Put the American who won 2013’s Primetime Emmy Award for Outstanding Choreography, and the Queen of Korean Pop in 1 movie, and you can bet not just sparks, but tickets will fly.

Derek Hough and BoA Kwon play Donny and Aya, who immediately captivate the tough audience during a bar-top dance-off at New York’s hottest underground club, Static. Giving old school tap a hip update, the pair work at outdoing each other, with Aya just 1 step from menacingly stomping on the crotch of The Dancing With The Stars hunk. And wouldn’t you know this would be the fastest way to kindle their mutual attraction.

To give it that heart-wrenching Romeo & Juliet slant, director-writer Duan Adler created massive opposition to their budding romance by their kin. You see, their brothers who were partners, are now archrivals in the clubbing scene.

But the plot of Make Your Move (previously known as Cobu) is really rather irrelevant. Most people will be there to see if BoA, who clinched an enviable 9th position on Billboard’s Hot Dance Club Play chart in 2008 with American single “Eat You Up”, can also win over American/international audiences with her dance moves in her acting debut.

An Asian leading lady who doesn’t have to brandish martial arts or be confined to only exploring Asian-American angst is a rarity in a Hollywood picture. But BoA, who’s more than competent in the dance and acting departments, and also fluently conversant in English, Japanese and naturally Korean, has set the bar high for any other Asian pop star hoping to break into LA or New York.

No slouch himself, countryman Yunho (stage name: U-Know), from pop group DBSK, shows what makes his fans (Cassiopeia) go oh-so-crazy for him. With a killer smile and charismatic persona, he made a guest appearance as a performer, executing sleek moves, nearly comparable to the legendary Michael Jackson. This may not be due only to imitation either as Yunho personally trained with those who worked closely with the late King of Pop during the production of the This Is Itconcert.

Even with the overall film aesthetic being substantially pleasing and enjoyable, a few grainy night shots that were blatantly evident due to poor lighting, added to the injustice served.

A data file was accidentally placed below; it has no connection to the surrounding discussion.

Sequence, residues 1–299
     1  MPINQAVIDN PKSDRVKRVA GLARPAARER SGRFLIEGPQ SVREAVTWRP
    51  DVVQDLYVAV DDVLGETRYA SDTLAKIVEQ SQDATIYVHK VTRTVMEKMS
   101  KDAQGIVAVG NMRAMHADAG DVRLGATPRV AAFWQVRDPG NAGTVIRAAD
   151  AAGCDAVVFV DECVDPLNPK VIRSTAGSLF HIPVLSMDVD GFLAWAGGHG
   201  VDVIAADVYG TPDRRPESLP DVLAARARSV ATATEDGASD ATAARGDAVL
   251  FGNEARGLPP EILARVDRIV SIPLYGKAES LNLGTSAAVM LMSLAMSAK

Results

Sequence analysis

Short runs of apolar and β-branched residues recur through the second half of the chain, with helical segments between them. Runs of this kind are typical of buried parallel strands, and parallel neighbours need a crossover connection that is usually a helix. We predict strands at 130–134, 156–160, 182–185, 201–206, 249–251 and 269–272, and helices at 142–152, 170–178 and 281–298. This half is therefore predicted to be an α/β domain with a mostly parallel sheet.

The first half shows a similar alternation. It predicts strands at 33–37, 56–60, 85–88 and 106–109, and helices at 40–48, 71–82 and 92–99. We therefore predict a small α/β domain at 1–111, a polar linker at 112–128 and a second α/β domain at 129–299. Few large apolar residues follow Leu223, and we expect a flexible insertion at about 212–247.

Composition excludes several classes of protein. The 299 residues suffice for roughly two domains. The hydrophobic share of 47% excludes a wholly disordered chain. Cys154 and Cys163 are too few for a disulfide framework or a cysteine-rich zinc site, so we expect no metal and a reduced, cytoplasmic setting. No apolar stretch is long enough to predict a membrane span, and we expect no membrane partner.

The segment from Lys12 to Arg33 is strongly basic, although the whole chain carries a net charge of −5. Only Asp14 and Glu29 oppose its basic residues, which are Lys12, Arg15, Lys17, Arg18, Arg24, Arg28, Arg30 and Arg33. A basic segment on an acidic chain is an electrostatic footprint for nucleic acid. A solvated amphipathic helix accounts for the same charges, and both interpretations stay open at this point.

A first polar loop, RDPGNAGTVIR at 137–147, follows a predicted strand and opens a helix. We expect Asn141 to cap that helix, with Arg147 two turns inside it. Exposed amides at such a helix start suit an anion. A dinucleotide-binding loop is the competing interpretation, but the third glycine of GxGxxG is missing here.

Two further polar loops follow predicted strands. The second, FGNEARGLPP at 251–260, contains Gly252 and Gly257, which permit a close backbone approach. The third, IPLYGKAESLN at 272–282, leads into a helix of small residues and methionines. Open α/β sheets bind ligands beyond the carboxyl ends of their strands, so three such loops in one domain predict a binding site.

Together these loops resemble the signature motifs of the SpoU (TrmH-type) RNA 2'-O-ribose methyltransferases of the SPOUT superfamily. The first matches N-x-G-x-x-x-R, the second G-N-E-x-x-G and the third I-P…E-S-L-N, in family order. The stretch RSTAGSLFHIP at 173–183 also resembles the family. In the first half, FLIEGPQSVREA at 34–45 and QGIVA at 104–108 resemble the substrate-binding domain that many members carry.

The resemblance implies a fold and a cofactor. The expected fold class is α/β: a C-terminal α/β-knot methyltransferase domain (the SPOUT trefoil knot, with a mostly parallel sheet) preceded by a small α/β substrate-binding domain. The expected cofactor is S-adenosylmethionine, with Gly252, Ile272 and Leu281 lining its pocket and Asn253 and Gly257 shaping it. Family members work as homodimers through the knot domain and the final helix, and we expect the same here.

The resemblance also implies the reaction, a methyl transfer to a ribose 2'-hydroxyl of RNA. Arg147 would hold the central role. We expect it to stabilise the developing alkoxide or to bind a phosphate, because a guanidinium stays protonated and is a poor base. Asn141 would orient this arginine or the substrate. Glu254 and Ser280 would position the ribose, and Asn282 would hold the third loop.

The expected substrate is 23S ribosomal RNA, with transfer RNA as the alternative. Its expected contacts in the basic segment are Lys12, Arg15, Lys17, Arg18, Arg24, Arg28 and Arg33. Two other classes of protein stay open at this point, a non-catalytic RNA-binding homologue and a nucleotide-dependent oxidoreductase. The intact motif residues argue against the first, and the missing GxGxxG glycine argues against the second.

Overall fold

Diverse dance sets cleverly weaving in a fusion of traditional and unexpected elements such as tap dancing, Japanese drum Taiko and trapeze were created by Emmy Award-winning choreographer couple Tabitha and Napoleon D’umo, Yako Miyamoto, and dancer Nick Gonzalez).

They also arranged for the star-crossed lovers to share their intimate moments through electrifyingly sensual dance routines.

Contrary to the typically powerful and heart-thumping hip hop beats that accompany bold dance movements in Save the Last Dance(2001)and Step Up (2006), which were also written by Adler, Make Your Move featured ballads like Let Me In by Michael Corcoran which presented a pleasant melody that complemented the sophisticated and slower dance moves. Fantastic and experienced dancers in their own genre, BoA and Derek performed top-notch dance sequences so seamlessly that may have the average dancers tripping over their own feet if not practiced hard enough. The same can’t be said about BoA’s dance mates when 80% of their performances were behind the Taiko drums, toning down the anticipation that viewers may have had for every dance sequence.

Although the final dance sequence in Step Up 2: The Streets wins hands-down for the creative use of spraying rain with improvised krumping and breaking, those looking for vigorous passion and excitement that tends to appeal to more hot-blooded youths won’t be shortchanged. Look forward to Donny surprising Aya and at the same time, stealing the show with his brilliant idea of combining tap dance rhythms and Taiko drum beats. To celebrate the joyous mood, a rain of flowers showered the couple that continued dancing in their happy bubble.

With little left to the imagination from the predictable plot, this movie is more about putting a groove to your step and showing us what it means to dance with your heart.

Make Your Move trailer: https://youtu.be/os9Z9zNmkHU

Rating: 3/5

Release Date: Nov 14, 2013

Runtime: 111 mins

Language: English

Censorship Rating: PG13

Genre: Musical

Director: Duane Adler

Main Cast: Derek Hough, BoA Kwon, Wesley Jonathan